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Korean J. Pl. Taxon > Volume 46(1); 2016 > Article
/home/virtual/kjpt/journal//../xmls/kjpt-46-1-60.xml Park and Lee: The complete plastid genome of Scopolia parviflora (Dunn.) Nakai (Solanaceae)


Scopolia parviflora of the family Solanaceae is an endemic species of Korea and a traditional Korean medicinal plant. The plastid genome was sequenced by next-generation sequencing (NGS) method. The characterized cp genome is 156,193 bp in size; the large single-copy (LSC) region is 86,364 bp, the inverted repeat (IR) is 25,905 bp, and the small single copy (SSC) region is 18,019 bp. The overall GC content of the plastid genome amounts to 37.61%. The cp genome contains 113 genes and 21 introns, including 80 protein-coding genes, four RNA genes, 30 tRNA genes, 20 group II introns, and one group I intron. A phylogenetic analysis showed that Scopolia parviflora was closely related to Hyoscyamus niger.

Michikwangipul, Scopolia parviflora (Dunn.) Nakai (Dunn, 1912; Nakai, 1933) of the family Solanaceae, limitedly occurs in Korean peninsula, and is similar to S. japonica (Maximowicz, 1873) occurring in Japan. S. parviflora is distinguished from S. japonica by ITS and some phenetic characters (Hong and Paik, 2001; Kim et al., 2003). The members of the genus Scopolia are known as medicinal plants (Mino, 2002; Jung et al., 2003; Min et al., 2007). The genetic makeup of the plastid genome of Scopolia is poorly known. Here we sequenced the chloroplast genome of Scopolia parviflora as a representative of the genus Scopolia.

Materials and Methods

The plant material of Michikwangipul used in this study was collected from the wild population of Mt. Cheonma, Korea (N37° 40′ 34.85″ E127° 15′ 33.00″). The voucher of the plant specimen (Parkjh 20150505-141) was deposited in NNIBR, Herbarium in Nakdonggang National Institute of Biological Resources. The total DNA was prepared as described by Lee et al. (2015). The Illumina paired-end (PE) genomic library of 200 bp was constructed and sequenced using an Illumina HiSeq 2000 platform. The plastid sequence was obtained using CLC Genomics Workbench version 7.05 as described by Jeong et al. (2014). Circular structures of each replicon were confirmed by polymerase chain reaction (PCR) amplification at their ends and by joining of Sanger sequence reads derived from the amplicons. The assemblies were further verified by examining paired-end distance and depth after re-mapping reads on the contig sequences. The BLAST searches of a large contig were verified to be plastid genomes. For gene annotation of organelle genomes, protein-coding and ribosomal RNA genes were annotated using DOGMA (http://dogma.ccbb.utexas.edu/; Wyman et al., 2004). The boundaries of each annotated gene were manually determined by comparison with orthologous genes from other known cp genomes. Genes encoding tRNAs were first predicted using tRNAscan (http://lowelab.ucsc.edu/tRNA scan-SE; Lowe and Eddy, 1997) and ARAGORN version 1.2 (; Laslett and Canback, 2004), and were manually verified by predicting the tRNA secondary structure. Circular genome maps were drawn using GenomeVx (Conant and Wolfe, 2008) followed by manual modification. The sequencing data and gene annotations were submitted to GenBank with accession number KU900232. DNA sequences of seven cp protein genes, including psaA, psaB, psbA, psbB, psbC, psbD, and rbcL were used to construct cp phylogenetic tree by Maximum Parsimony criterion using Paup ver. 6.0. Bootstrap and jackknife analyses of the MP tree were also performed with 1,000 replicates.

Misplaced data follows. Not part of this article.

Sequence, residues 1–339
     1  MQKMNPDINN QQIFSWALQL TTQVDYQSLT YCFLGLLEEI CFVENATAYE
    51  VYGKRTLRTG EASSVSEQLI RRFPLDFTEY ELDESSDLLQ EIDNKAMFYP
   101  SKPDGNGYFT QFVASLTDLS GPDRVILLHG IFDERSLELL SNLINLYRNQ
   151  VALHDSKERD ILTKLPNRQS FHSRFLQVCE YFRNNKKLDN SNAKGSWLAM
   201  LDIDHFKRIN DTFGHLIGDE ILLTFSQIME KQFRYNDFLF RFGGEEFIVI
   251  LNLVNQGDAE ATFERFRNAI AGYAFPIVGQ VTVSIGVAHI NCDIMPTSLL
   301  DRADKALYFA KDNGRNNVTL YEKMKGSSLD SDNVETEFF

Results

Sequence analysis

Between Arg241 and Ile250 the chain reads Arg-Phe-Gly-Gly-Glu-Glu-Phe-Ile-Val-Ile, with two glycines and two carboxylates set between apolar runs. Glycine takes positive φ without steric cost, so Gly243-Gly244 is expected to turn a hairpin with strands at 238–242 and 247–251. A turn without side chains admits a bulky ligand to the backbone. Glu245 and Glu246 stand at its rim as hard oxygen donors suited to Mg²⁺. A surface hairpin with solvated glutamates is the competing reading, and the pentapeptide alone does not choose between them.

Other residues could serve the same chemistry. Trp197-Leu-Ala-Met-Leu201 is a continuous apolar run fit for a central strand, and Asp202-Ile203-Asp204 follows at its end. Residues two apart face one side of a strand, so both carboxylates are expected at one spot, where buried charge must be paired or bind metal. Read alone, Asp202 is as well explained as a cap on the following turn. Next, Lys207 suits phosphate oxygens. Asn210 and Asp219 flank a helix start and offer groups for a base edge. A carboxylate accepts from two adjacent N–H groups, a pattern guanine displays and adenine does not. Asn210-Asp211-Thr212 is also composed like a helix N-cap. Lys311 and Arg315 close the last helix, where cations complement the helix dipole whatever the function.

Results and Discussion

The cp-genome of Scopolia parviflora, was determined (Fig. 1) and found to be 156,193 bp in length. It includes small and large single copy (SSC, LSC) regions of 18,019 bp and 86,364 bp, respectively, separated by a pair of 25,905 bp inverted repeats (IRs). A total of 113 genes were detected, including 80 protein coding genes, 30 tRNA genes, and four rRNA genes (Table 1). This cp-genome was also found to contain 21 different introns, including 20 group II introns and a group I intron with a cyanobacterial origin (Besendahl et al., 2000) found within the trnL_uaa gene. Three protein coding genes, including clpP, rps12, and ycf3, contain two group II introns (clpP.i1, clpP.i2, rps12.i1, rps12.i2, ycf3.i1 and ycf3.i2), and 14 genes contain a single group II intron: rpoC1.i, rpl2.i, rpl16.i, rps16.i, atpF.i, petB.i, petD.i, ndhA.i, ndhB.i, trnA_ugc.i, trnG_ucc.i, trnI_gau.i, trnK_uuu.i, and trnV_uac.i. Among the 20 group II introns, the intron in rps12, between exons 1 and 2, is trans-splicing, while the other 19 group II introns are cis-splicing.